Vienna is the loveliest city. It’s as simple as that: it is a city of palatial, immaculate townhouses; of sprawling grounds, elegant cafes and exquisite architecture. It is a fairytale city of astonishingly well-kept buildings and incredible, magnificent beauty. Vienna is famed for its culture and its history – an intellectual city in which the opulent legacy of the Hapsburgs competes with the enduring influence of some of the world’s greatest classical composers; a city boastful of its endless appreciation of opera and music.
I stayed in an amazingly convenient apartment just off the Ringstrasse – the famed ring of streets meticulously created in the mid-nineteenth century, encompassing the historical district and an impressive array of beautiful buildings. All the guidebooks recommend walking or getting the tram around the Ring, and it is a suggestion that I would definitely second. In a four-mile walk alone, you can take in the Parliament, with its sweeping drive; the Rathaus, the City Hall, neo-Gothic and exceptionally intricate; the Burgtheater, adorned with busts of Vienna’s favourite playwrights; the dazzlingly complex Hofburg Complex, home to the famous Spanish Riding School; and so much more.
In my own walk along the Ringstrasse, I also took in St Rupert’s Church, a quaint structure smothered in ivy and dated as the oldest church in Vienna; St Stephen’s Cathedral, dizzyingly tall and ridiculously medieval and really just as striking as everyone says; and the Opera House. It offers an excellent tour, covering the aristocratic-looking red and gold of the auditorium, to the vast backstage area, its endless flies and mechanical structures somewhat dispelling all the romantic notions conjured by the idea of the stage.
I took a detour in the Hofburg Complex – open to the public for most of the day, because who wouldn’t want to amble around palace grounds for free? – and visited the Austrian National Library, a must for any bibliophile. The collection of 200,000 books, located in a sumptuous setting that makes my own Ikea bookcases pale somewhat in comparison, is accompanied by an evocative exhibition about the construction of the Ringstrasse.
At the risk of waxing on about buildings, Schonbrunn Palace, the summer residence of the Hapsburgs, also deserves a mention. The sheer expansiveness of the grounds is incredible: a zoo, a maze, several spectacular decorative fountains, the Gloriette, innumerable shady walks and endless leafy boulevards, a sprawling view of the city’s landscape and, of course, the palace itself. I’d recommend an audio guide – informative and succinct – and even if you’re not as obsessed with gold leaf and baroque interiors as I am, it’s definitely worth experiencing the way an emperor would have lived.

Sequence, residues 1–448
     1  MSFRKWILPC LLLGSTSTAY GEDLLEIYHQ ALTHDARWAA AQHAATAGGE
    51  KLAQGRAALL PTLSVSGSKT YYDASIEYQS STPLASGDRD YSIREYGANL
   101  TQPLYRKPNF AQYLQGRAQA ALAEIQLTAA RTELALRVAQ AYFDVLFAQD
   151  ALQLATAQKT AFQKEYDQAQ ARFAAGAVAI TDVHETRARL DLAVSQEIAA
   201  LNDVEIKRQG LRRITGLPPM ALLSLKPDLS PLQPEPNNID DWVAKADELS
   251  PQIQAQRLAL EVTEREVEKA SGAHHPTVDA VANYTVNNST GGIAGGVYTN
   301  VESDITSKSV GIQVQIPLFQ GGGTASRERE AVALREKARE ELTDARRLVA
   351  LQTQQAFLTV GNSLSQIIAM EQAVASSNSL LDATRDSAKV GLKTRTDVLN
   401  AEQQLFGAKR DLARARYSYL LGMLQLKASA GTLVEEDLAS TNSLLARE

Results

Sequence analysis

And for any museum geek out there, the Kunsthistoriches Museum is a (inconceivably stunning) haven, spanning three floors of inestimable treasures: infinite galleries of priceless paintings, including a few Rembrandts; Roman and Greek marbles; artefacts from the Hapsburg collection; and dead mummies and Ancient Egyptian art galore. Throw in a carriage ride past St Peter’s and Mozart’s old lodgings, and I was basically back in time.
There is more to Vienna than museums, of course: both café culture and opera form an integral part of the Viennese mindset, and I was lucky enough to experience both.
My visit coincided with the Music Film Festival, in which recordings of music, opera and ballet are shown on a large screen in front of the Rathaus – the stands were jam-packed for a screening of Carmen.
The cafes are even better – although the servers can verge on rudeness at times, and it is a bit unnerving to accidentally stumble upon a café that Hitler classed as one of his favourites, the cakes are truly delicious and I would highly recommend the Sacher Torte, a Viennese staple of apricot and chocolate. Wiener schnitzel and pork feature prominently on Viennese menus too, and you can never go wrong with apple strudel.
And as an antidote to grand Vienna, Museum Quartier is perfect. A jumble of modern architecture, bars and art, it is vibrant and bustling at night and has an eclectic programme of activities, ranging from book readings to showings of foreign language films. The Prater, too – an amusement park dating back to the nineteenth century, it is home to some terrifying-looking rides and an old-fashioned big wheel. If only every city had rollercoasters right in the heart of the city!
The peaceful avenues, quiet squares and lively streets of Vienna are of the most ornate, exquisite prettiness. To walk around the first district is to experience the impeccable fulfilled vision of an idealised city, a place where even the mundane buildings rival architectural prizes in other cities – and it really doesn’t get much better than that.